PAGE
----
“….. nor shall any person be subject for the same offence to be twice put in jeopardy of life or limb; nor shall be compelled, in any criminal case, to be witness against himself….. Willis in his Constitutional Law, at page 528 observes that the phrase ” `jeopardy of life or limb’ indicates that the immunity is restricted to crimes of the highest grade and this is the way Blackstone states the rule. Yet, by a gradual process of liberal construction the Courts have extended the scope of the clause to make it applicable to all indictable offences, including misdemeanors”…… “Under the United States rule, to be put in jeopardy there must be a valid indictment or information duly presented to a Court of competent jurisdiction, there must be an arraignment and plea, and a lawful jury must be impaneled and sworn. It is not necessary to have a verdict. The protection is not against a second punishment but against the peril in which he is placed by the jeopardy mentioned”.

12. The words “before a Court of law or judicial tribunal” are not to be found in Art. 20(2). But if regard be had to the whole background indicated above it is clear that in order that the protection of Art. 20(2) be invoked by a citizen there must have been a prosecution and punishment in respect of the same offence before a Court of law or a tribunal, required by law to decide the matter in controversy judicially on evidence on oath which it must be authorised by law to administer and not before a tribunal which entertains a departmental or an administrative enquiry even though set up by a statute but not required to proceed on legal evidence given on oath. The very wording of Art. 20 and the words used therein….. “convicted”, “commission of act charged as an offence”, “be subjected to a penalty”, “commission of the offence”, “prosecuted and punished”, “accused of any offence”, would indicate that the proceedings therein contemplated are of the nature of criminal proceedings before a Court of law or a judicial tribunal and the prosecution in this context would mean an initiation or starting of proceedings of a criminal nature before a Court of law or a judicial tribunal in accordance with the procedure prescribed in the statute which creates the offence and regulates the procedure.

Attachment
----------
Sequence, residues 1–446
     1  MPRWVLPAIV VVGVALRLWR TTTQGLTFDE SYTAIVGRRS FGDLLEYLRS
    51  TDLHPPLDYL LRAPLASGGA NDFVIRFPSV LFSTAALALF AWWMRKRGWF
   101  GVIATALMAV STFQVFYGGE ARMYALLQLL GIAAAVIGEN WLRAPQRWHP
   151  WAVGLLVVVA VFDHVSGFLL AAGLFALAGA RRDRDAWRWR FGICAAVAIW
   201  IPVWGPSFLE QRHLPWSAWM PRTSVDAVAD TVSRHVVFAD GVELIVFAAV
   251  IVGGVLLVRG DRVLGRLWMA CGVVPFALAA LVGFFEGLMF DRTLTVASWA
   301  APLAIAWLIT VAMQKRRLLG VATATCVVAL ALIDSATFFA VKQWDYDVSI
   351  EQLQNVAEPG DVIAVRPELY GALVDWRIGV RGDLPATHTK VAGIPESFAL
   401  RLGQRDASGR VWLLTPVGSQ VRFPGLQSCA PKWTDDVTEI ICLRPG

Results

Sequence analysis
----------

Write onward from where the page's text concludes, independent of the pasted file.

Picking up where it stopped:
Case-9- State Of Punjab And Anr. vs Dalbir Singh And Ors. on 19 July, 2000 Equivalent citations: JT 2000 (10) SC 456, (2001) ILLJ 46 SC, (2001) 9 SCC 212

Civil Appeal Nos. 5386-5389/1997 and 5390/1997 are directed against the Division Bench Judgment of the Punjab and Haryana High Court, which took the view that initiation of a departmental proceedings for the alleged misconduct would tantamount to double jeopardy and prohibited under Article 20 of the Constitution, as for the same misconduct under the provisions of Motor Vehicles Act, certain fine has been levied. This judgment of the Division Bench of Punjab and Haryana High Court has later been reversed by the Full Bench of the same High Court against which concerned employee has moved this Court in C.A. No. 6071/1997. The question that arises for consideration, therefore, is whether the levy of penalty under the provisions of Motor Vehicles Act would absolve the concerned employee from all liabilities and would debar the disciplinary authority to initiate disciplinary proceedings. In other words, the question would be whether initiation of a departmental proceedings would tantamount to violation of provision contained in Article 20(2) of the Constitution. Having examined the relevant facts involved in these appeals and having examined the judgment of the Full Bench of Punjab and Haryana High Court, we have no hesitation to come to the conclusion that the Full Bench rightly interfered with the judgment of the Division Bench of Punjab and Haryana High Court. In our view, the payment of penalty under the provisions of Motor Vehicles Act would not absolve the employee fully from all other liabilities nor would it debar the employer from initiating a departmental proceedings for the alleged misconduct of the concerned delinquent employee. Such initiation of a departmental proceedings by no stretch of imagination, can be held to be a violation of provision of Article 20 of the Constitution of India. In this view of the matter, we uphold the Full Bench judgment of the Punjab and Haryana High Court, and necessarily therefore, the Civil Appeals filed by the State Government are allowed and the Civil Appeal filed by the delinquent is dismissed.